120 actors aged 9-11 learning ‘A Midsummer Night’s Dream’ in three days – what could possibly go wrong?
Last week Claudia and I returned to St Botolph’s Primary School in Peterborough. It was FINDING THE WILL’s second visit to this warm and friendly school. After the success of ‘Romeo & Juliet’ last year, our young company from Years 5&6 triumphed in ‘A Midsummer Night’s Dream’ much to the delight of us, their teachers, the rest of the school and chiefly themselves. By the end of Friday, all 120 actors had sung, danced and acted their way through the whole of ‘The Dream’ (oh yes, there’s an eclectic mix of music to clap along to in this one!) and left the hall walking taller, more confident, relieved and mentally exhausted (all that focus and listening you see).
As usual we began the week with the interactive workshop and so by the end of Monday all our actors were familiar with the story. Over the course of Tuesday, Wednesday and Thursday, we rehearsed eight scenes with them (15 actors in each scene) culminating in the final performances on Friday. We were able to utilise the extraordinary gymnastic talents of the children – well fairies do contortions right? – as well as uncovering some latent acting talent among them which no one, least of all them, knew existed. Some of the most rewarding moments however came from the audience – admittedly it was the name ‘Bottom’ that caused some four and five year olds to rock with laughter but children’s laughter is infectious, and there’s something magical about children making younger children laugh. That’s not to say that many an adult didn’t have a giggle too – come on, a fairy falling in love with a half man, half donkey called Bottom is pretty funny! And if all that mirth wasn’t gratifying enough, we heard on the grapevine that our actors were buzzing in the dining hall over lunch because “we nailed it!” Well, Years 5&6 you certainly did!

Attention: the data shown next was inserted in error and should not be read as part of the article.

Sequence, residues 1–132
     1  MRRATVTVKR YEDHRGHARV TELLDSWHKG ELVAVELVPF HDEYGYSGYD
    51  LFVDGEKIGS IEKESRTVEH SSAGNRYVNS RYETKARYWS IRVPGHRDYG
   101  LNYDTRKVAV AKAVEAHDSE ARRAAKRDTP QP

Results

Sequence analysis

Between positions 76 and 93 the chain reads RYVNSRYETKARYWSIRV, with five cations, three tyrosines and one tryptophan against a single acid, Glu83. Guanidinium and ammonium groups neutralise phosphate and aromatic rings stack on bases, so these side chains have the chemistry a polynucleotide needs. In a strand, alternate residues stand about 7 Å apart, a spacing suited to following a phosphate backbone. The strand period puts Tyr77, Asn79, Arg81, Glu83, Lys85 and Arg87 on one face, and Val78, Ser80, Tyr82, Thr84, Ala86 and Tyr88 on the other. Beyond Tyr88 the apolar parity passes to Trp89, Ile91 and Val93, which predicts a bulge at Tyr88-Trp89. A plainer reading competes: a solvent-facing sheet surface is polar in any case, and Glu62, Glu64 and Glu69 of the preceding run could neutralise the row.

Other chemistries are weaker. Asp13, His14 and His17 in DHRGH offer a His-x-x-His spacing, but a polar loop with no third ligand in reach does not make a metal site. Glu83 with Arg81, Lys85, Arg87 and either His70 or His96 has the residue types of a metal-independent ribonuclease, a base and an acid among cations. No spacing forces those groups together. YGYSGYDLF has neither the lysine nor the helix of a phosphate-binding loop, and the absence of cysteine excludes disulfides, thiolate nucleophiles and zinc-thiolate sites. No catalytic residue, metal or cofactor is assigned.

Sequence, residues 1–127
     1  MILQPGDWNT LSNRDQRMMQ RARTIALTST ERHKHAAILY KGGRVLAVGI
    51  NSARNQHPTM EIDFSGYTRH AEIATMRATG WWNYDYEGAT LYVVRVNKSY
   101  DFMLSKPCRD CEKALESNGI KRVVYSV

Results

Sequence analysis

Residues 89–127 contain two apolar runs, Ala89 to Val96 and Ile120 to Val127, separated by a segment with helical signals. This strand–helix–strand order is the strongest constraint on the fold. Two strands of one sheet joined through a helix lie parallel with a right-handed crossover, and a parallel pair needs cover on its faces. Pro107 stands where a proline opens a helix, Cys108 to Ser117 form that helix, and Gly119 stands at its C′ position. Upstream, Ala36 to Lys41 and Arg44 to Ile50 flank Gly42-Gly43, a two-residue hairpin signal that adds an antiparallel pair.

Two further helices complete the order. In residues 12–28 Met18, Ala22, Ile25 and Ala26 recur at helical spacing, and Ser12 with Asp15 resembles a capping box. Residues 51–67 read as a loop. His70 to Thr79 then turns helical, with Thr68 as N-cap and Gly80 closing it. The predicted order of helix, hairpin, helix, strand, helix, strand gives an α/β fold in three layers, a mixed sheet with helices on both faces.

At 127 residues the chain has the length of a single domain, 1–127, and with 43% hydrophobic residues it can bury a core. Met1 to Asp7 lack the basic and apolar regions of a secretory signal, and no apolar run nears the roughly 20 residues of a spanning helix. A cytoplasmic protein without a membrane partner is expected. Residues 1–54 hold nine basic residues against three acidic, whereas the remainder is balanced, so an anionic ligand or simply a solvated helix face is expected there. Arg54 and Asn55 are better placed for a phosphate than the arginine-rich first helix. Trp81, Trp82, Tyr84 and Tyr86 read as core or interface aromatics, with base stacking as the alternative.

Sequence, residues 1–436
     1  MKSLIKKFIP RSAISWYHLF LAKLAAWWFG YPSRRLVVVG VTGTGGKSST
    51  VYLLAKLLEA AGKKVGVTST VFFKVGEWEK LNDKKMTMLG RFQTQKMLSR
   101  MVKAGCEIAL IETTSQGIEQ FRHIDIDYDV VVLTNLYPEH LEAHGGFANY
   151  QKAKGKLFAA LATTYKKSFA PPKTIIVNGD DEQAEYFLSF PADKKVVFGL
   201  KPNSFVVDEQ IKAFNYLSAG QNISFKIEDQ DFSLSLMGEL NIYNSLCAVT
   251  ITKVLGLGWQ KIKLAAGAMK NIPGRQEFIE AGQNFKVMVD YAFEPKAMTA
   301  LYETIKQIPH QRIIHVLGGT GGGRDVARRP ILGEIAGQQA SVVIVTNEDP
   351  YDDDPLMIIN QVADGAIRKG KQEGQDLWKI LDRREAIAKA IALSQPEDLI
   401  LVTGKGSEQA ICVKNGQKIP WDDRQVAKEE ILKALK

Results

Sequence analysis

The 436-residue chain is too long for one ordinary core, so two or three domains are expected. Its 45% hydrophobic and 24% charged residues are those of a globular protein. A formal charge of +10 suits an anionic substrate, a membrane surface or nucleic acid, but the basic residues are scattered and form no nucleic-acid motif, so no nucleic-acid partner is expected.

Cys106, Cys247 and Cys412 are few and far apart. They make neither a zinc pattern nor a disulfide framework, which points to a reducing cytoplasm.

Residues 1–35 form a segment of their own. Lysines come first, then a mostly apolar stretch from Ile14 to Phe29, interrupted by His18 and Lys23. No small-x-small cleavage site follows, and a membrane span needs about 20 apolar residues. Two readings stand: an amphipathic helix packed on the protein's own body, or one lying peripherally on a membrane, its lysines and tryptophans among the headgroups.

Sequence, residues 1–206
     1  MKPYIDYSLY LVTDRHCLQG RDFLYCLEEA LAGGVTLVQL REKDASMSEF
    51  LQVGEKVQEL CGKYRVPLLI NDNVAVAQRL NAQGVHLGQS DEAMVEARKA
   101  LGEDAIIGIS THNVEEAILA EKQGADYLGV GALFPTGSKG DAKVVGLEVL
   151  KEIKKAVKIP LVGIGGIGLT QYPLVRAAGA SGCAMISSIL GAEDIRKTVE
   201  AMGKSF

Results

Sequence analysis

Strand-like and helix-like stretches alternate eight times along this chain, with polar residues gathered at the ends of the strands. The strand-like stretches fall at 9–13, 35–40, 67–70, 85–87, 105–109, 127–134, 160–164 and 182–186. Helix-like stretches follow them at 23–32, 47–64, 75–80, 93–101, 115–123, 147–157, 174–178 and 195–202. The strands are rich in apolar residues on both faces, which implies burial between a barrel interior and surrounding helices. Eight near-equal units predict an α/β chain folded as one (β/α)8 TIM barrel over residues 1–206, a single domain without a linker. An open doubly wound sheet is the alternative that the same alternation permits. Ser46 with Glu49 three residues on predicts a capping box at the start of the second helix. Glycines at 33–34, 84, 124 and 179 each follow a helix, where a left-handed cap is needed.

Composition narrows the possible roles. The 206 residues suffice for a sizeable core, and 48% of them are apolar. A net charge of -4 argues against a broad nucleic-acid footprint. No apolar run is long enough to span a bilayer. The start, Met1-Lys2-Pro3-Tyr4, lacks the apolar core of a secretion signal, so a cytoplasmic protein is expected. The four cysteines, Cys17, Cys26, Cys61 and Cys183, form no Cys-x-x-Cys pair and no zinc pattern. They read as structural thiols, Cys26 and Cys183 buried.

Early in this extraordinary week, I had the pleasure to rehearse with a young actor who was the King of the Ad Lib and made me laugh a lot. As Egeus in the penultimate scene, he was forced to accept that his daughter Hermia would be allowed to marry Lysander (the man she truly loves) after all, and indeed she is invited to share the Duke’s wedding day. Egeus’ scripted line was merely ‘What? Oh very well” but what I got was “What? Oh very well. What could possibly go wrong? It’s going to be a challenge though.” Wonderful work! And he was right. The week WAS a challenge, all sorts of things could have gone wrong, but it all came right on the night, nerves were overcome, courage and pride soared and Year 5 were promised another chance to work with us next year. Fingers crossed the Funding Gods agree…………… after all what could possibly go wrong?